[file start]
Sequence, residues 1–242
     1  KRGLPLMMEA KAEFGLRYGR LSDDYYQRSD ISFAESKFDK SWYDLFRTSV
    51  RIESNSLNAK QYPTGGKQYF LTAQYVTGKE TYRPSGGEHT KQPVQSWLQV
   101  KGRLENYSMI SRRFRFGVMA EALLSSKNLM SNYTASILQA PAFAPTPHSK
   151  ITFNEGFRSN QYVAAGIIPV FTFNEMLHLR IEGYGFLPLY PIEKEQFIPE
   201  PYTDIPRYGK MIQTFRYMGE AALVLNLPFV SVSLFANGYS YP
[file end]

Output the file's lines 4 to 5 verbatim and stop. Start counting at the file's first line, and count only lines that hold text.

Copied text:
   101  KGRLENYSMI SRRFRFGVMA EALLSSKNLM SNYTASILQA PAFAPTPHSK
   151  ITFNEGFRSN QYVAAGIIPV FTFNEMLHLR IEGYGFLPLY PIEKEQFIPE